Argentine central bank international reserves dropped 17% since the government of President Cristina Fernandez imposed the ‘dollar clamp`, first limiting operations in the US currency and later savings in greenbacks. While this happened in Argentina in other regional central banks, international reserves kept climbing, according to a report from consultants Economia&Regiones (E&R).
This was the case for Uruguay, reserves up 74%; Peru, 47%; Chile 27% and Brazil 19%, says the report, and this happened despite the strict foreign exchange restrictions implemented by Argentina.
“Although the dollar clamp helped to reduce the outflow of capital, the Central bank is losing reserves at an ever increasing rhythm” adds the document.
The loss of reserves was actually 9.2 billion dollars equivalent to 19.4% between 28 October 2011, when the first restriction, (supervising all US dollar purchase requests) until this month, according to the central bank.
E&R argues that the loss of reserves increases because the foreign exchange current account worsens: 59% can be attributed to the falling trade surplus and 35% to the deterioration of the services accounts, mainly tourism.
“The loss of reserves is the final manifestation of an economic disease faced by our economy, which are the inconsistencies of economic policy” says the diagnosis.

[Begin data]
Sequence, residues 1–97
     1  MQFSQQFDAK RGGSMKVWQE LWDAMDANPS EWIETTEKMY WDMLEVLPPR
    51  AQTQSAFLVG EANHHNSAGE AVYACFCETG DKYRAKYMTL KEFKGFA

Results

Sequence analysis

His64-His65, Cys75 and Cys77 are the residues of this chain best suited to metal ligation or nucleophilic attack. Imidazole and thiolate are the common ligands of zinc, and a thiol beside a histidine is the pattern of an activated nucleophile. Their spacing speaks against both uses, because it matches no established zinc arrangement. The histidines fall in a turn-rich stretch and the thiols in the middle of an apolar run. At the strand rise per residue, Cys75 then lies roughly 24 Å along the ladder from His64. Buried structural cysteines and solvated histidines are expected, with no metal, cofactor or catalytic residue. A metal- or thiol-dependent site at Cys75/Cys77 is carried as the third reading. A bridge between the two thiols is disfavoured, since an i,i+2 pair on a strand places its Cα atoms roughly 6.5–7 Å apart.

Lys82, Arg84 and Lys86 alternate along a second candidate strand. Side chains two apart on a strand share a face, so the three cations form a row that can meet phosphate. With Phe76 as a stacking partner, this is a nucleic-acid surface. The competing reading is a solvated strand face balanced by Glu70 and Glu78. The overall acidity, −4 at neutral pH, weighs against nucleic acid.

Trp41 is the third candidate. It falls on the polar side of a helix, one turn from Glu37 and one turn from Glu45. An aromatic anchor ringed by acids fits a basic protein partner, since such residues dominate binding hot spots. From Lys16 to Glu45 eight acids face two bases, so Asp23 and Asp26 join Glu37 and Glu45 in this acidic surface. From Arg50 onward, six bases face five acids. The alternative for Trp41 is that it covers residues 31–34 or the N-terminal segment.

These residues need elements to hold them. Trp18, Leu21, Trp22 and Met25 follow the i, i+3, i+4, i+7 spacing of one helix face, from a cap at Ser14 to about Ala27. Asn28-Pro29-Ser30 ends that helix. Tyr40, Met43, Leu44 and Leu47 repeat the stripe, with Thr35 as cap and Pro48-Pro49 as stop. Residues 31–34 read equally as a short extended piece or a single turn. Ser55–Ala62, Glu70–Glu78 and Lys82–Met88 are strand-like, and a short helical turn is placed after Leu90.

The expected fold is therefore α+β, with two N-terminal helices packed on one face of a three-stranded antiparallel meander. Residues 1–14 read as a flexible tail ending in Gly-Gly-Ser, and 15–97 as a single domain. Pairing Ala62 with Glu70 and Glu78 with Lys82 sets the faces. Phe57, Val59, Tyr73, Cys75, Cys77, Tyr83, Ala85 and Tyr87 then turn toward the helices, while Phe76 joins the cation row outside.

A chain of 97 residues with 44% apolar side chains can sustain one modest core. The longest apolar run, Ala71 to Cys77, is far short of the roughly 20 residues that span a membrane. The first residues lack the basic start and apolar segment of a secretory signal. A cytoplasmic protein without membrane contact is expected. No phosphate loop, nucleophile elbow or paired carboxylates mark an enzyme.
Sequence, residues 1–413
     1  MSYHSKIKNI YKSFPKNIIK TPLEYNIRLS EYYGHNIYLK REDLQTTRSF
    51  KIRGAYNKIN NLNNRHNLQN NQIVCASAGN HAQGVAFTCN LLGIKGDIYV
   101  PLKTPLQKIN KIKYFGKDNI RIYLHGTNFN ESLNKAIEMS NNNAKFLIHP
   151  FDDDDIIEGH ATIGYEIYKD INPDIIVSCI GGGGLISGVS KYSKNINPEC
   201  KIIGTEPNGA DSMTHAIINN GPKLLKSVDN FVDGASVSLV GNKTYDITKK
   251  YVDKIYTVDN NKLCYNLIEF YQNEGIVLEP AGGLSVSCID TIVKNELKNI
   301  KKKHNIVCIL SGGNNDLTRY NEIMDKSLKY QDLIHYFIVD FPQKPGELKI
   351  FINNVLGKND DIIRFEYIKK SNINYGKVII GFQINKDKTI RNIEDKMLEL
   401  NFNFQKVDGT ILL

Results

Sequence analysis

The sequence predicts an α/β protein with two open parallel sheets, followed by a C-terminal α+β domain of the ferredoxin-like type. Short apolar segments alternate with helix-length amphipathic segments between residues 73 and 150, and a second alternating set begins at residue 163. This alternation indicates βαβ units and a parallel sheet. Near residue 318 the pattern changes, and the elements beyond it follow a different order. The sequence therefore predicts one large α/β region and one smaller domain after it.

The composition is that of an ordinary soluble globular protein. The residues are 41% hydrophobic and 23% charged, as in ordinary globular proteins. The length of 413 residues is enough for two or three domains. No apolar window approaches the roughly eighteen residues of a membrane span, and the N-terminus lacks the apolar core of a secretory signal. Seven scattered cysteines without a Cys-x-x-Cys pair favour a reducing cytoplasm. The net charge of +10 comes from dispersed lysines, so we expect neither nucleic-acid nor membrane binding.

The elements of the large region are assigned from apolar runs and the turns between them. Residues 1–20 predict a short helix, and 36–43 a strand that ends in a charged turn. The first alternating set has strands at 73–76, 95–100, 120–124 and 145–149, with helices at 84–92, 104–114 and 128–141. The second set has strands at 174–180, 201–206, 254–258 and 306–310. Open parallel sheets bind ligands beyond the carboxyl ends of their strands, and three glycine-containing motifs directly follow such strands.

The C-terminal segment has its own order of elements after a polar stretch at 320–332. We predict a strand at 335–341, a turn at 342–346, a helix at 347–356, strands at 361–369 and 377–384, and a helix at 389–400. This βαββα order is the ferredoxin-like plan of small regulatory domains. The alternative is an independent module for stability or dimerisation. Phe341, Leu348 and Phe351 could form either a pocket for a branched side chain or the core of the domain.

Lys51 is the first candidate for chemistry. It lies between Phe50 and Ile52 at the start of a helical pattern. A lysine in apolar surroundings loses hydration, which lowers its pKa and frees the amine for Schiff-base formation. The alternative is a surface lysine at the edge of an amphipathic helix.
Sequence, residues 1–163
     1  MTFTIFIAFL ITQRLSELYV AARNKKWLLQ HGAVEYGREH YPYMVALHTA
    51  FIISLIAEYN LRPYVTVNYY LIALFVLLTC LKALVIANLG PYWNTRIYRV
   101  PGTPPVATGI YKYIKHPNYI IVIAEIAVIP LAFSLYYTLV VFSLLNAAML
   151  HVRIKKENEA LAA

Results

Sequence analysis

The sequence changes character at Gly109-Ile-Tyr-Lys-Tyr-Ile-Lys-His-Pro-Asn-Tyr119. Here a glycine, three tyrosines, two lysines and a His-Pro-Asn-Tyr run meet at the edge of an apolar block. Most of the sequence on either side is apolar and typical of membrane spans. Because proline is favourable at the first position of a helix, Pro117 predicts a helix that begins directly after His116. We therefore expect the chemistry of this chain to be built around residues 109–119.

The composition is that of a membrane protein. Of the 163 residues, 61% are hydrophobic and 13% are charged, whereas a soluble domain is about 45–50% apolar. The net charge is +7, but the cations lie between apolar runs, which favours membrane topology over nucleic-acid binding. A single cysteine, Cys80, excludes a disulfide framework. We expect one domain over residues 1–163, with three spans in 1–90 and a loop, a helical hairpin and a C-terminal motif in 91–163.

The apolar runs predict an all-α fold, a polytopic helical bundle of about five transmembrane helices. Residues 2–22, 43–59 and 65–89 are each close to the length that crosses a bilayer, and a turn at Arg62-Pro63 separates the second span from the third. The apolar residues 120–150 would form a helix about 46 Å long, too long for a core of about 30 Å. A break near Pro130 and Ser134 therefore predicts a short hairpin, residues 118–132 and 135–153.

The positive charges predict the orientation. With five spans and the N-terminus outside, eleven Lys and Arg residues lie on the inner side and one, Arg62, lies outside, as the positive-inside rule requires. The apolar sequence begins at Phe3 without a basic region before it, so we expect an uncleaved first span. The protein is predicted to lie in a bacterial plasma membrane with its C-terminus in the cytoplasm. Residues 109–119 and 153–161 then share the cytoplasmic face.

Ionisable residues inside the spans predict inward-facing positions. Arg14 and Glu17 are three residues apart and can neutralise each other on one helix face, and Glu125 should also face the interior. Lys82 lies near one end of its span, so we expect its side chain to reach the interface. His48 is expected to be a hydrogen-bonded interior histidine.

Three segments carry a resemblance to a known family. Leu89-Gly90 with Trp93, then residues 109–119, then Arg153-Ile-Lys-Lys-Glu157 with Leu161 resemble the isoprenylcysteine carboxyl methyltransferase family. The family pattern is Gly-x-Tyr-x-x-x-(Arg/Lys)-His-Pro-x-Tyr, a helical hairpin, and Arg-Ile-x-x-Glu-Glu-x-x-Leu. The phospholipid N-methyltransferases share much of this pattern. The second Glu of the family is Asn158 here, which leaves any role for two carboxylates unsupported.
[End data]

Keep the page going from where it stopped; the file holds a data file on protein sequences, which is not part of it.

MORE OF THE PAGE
E&R recalls that the dollar clamp became increasingly stricter and that from May to August 2012, “twelve measures were implemented which made it even harder to obtain dollars and the gap between the official rate and the parallel or blue rate doubled with impact on the level of activity and creation of new jobs”.
“Barriers on imports and the dollar clamp modified private consumption and investment patterns, with a negative impact on aggregate demand and the level of activity”.
The report adds that growth rate became tepid and GDP expanded only 1.2% in 2012, with unemployment up to 7.9% in the first quarter of 2013: “currently Argentina has the highest unemployment rate in the region”.
The central bank report shows that 2.844bn dollars in international reserves were lost in the first quarter of 2013, which compares with an increase of 915 million dollars in the first quarter of last year and a loss of 891 million in the same period but of 2011.
“In 2012 reserves were down 6.7% (3.086bn dollars). In the first quarter of this year they dropped 6.6%, accumulating a total loss of 10.8% so far this year” says R&E.
The consultant argues that the dollar clamp really only attacked one of the problems, the outflow of hard currency, which helped the erosion of reserves but did not attack the main problem.
E&R concludes that Argentina’s international reserves are falling and will continue to fall as long as the same economic policy remains” anticipating that since tourism continues to erode reserves, it should not come as a surprise if the government of President Cristina Fernandez implements a further tax on credit card spending abroad or some other contention mechanism”.